Can big data prove its worth to the fire service?

Tight budgets are as challenging for the fire services as they are for any other branch of the public sector so how can big data needs to prove its worth.
Written by Colin Barker, Contributor

Do smoke detectors save lives? If they do, how many lives have they saved? Do they justify the expenditure? To answer questions like that, you need the right data, but when budgets are tight how do you justify the expenditure?

Graham Stagg, the chief fire office for Cambridge Fire and Rescue, knows about the difficulties of trying to maximise the value of data to the fire service.

"If I speak about 'cloud' to most of my colleagues they will look out of a window and not think about ICT," Stagg told the IBM BusinessConnect 2013 conference in last week.

"There are 46 fire and rescue services in the UK and we are all doing different things, with different platforms and different technologies," Stagg said. "We don't have any data standards."

Despite the problems, Stagg believes that initiatives like big data could be very useful to him and his colleagues. "The better the information we have then the better we can do things," he said, "so, if we can get into something like big data then perhaps I can be more prepared and have measures in place to make a situation better, quicker."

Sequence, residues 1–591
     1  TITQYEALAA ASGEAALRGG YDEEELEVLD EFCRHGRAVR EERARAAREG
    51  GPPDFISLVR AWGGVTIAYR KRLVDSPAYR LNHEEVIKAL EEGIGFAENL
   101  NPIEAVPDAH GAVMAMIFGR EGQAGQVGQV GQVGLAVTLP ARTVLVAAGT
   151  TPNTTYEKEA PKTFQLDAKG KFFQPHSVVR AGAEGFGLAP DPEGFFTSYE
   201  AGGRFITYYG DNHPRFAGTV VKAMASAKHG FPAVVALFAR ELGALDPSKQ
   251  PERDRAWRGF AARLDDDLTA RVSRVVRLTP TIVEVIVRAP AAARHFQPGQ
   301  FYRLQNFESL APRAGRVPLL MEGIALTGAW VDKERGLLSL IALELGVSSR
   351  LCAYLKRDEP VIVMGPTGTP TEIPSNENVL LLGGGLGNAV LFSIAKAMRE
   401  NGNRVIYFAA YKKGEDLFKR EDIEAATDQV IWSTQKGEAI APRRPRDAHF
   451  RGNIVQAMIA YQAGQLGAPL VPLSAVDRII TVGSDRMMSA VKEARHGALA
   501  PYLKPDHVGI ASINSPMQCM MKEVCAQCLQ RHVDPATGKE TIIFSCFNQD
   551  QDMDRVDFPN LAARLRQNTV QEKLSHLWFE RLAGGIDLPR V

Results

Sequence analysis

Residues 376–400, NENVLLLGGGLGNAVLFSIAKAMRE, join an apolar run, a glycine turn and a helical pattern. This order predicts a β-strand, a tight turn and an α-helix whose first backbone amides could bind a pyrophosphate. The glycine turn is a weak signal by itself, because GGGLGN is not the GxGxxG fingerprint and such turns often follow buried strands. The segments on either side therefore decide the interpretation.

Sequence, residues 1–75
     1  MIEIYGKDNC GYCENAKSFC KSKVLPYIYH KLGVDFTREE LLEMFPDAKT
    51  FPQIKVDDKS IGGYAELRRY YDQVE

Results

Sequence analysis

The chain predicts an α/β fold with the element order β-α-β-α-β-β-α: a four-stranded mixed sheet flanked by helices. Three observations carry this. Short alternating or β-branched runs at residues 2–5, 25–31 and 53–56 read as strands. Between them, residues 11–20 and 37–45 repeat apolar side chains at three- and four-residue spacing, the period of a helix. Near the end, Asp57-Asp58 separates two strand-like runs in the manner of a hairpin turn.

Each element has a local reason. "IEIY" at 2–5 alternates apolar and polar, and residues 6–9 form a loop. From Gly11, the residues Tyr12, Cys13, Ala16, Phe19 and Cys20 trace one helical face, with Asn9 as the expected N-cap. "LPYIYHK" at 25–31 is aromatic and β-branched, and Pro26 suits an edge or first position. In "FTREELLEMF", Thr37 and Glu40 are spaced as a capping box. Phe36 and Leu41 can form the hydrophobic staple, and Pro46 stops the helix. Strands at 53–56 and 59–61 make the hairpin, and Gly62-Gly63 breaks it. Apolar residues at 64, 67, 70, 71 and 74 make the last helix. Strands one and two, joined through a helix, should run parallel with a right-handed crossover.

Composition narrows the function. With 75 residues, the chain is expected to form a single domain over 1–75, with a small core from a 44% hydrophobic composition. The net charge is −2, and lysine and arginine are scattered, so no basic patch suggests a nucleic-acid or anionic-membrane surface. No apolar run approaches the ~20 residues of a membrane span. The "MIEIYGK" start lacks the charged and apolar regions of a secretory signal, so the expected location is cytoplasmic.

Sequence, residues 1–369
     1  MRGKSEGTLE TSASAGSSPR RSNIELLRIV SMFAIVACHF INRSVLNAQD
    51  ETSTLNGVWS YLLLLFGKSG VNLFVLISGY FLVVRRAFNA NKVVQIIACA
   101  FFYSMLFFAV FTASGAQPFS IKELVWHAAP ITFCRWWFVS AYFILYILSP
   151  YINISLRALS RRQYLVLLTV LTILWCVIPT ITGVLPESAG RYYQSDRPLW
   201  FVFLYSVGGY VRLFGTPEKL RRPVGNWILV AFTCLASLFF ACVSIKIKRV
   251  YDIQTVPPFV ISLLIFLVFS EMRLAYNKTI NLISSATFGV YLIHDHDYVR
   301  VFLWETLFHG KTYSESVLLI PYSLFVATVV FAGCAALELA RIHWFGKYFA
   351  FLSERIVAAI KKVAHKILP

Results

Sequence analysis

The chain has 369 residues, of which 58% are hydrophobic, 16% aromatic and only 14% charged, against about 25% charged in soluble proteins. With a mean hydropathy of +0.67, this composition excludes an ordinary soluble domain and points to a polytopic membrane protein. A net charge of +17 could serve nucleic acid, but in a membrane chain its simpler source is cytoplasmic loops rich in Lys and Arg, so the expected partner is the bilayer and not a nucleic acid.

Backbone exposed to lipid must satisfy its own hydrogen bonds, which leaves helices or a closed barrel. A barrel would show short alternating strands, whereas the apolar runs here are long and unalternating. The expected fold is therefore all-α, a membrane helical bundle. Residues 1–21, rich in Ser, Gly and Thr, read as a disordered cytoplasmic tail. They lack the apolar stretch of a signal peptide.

"[For example], we have handed out lots of smoke detectors to lots of houses, but we have no idea if it has been successful or not, because we don’t collect data in the right way."

But first the local fire services have to stop wasting money, Stagg believes. "We waste money collecting data, we waste money copying it – probably at least twice or three times – and then inaccurately." he said.

"And anybody who understands the public sector will know that once we start doing things, we may do other things as well but we never stop anything," Stagg said. "Stopping something is dangerous and often requires someone to make a decision – and if you make a decision you may find yourself in trouble."

The lesson, said Stagg, is that "without critical information it is difficult to make informed, critical decisions".

And Stagg was keen to point out that here in the UK there are initiatives underway to try and improve on things such as fire safety. "We are moving to the UK Fire Framework, and that is a big step in the right direction," Stagg said.

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